n. A person who consumes information.
Which of these activities occupies more of your time: foraging for food or surfing the Web? Probably the latter. We're all informavores now, hunting down and consuming data as our ancestors once sought woolly mammoths and witchetty grubs. You may even buy your groceries online.
—Rachel Chalmers, “Surf like a Bushman,” New Scientist, November 11, 2000
"No central authority has cultivated the Web as a beautiful garden," said Dr. Bernardo Huberman, an Internet ecologist at Xerox PARC. "It grows on its own like an ecosystem." Informavores hunting down an interesting site link it to their own, and that site is soon linked to others, forming a vast spider web of connections.
—George Johnson, “Shall I Compare Thee to a Swarm of Insects?,” The New York Times, April 11, 1999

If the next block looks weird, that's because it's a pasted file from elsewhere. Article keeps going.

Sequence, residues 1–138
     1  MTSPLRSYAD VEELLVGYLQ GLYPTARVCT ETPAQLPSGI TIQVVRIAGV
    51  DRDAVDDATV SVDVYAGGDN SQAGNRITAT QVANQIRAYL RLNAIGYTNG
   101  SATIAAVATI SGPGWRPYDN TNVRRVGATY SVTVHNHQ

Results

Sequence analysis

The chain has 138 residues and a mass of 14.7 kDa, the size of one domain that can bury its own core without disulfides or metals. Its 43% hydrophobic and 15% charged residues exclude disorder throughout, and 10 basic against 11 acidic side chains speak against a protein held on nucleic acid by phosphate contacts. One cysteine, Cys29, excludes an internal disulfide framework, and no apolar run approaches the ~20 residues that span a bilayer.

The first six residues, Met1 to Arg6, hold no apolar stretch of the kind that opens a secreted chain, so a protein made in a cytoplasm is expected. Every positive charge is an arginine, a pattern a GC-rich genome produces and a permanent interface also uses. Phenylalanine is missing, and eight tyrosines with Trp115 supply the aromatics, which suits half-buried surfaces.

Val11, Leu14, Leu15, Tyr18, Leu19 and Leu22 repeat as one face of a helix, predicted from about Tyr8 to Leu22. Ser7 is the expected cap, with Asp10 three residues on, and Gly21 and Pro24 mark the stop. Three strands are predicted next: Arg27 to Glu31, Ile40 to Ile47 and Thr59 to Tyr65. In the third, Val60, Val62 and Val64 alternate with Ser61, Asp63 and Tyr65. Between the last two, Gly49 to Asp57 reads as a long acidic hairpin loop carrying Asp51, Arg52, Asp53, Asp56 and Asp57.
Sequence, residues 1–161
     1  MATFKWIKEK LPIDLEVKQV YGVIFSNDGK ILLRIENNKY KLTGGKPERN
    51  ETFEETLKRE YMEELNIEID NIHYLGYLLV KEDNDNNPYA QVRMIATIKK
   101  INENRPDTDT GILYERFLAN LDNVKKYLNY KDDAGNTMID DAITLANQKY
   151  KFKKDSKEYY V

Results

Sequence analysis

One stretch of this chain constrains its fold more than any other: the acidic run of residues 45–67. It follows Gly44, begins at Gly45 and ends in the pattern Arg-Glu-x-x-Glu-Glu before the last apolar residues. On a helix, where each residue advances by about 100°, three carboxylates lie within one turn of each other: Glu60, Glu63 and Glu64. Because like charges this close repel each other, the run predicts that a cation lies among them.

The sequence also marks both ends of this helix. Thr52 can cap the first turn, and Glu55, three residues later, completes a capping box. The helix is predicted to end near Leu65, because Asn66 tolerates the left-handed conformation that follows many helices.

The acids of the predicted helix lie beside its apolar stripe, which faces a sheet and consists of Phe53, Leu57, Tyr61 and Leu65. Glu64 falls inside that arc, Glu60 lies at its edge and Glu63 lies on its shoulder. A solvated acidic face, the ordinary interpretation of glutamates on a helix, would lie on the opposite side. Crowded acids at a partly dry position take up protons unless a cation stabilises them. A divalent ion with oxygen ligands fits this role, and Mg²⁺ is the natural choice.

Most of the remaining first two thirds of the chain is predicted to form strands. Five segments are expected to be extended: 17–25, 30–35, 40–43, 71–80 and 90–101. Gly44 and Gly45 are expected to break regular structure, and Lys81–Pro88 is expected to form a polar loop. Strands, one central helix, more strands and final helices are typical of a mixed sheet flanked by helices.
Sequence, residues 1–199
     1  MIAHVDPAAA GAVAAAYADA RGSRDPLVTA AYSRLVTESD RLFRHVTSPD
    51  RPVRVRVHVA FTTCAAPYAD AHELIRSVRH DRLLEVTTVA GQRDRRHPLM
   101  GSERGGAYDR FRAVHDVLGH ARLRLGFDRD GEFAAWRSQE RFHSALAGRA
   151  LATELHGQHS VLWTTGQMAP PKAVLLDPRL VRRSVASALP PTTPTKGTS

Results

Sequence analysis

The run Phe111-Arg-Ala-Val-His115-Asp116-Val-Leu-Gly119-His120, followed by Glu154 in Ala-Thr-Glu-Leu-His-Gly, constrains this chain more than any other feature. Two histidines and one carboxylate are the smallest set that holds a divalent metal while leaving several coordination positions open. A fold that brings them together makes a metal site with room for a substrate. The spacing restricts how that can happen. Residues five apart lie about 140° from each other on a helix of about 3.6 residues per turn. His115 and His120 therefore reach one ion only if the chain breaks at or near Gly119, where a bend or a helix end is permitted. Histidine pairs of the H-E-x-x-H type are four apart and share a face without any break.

1984 (earliest)
Zenon Pylyshyn of the University of Western Ontario's Centre for Cognitive Science closed the conference with an apt description of homo sapiens in the information age - Man the Information Processor, or Informavore.
—Jonathan Chevreau, “Some A1 applications wishful thinking,” The Globe and Mail, March 30, 1984
This term is a blend of information and the suffix -vore (as in carnivore, herbivore, and omnivore).
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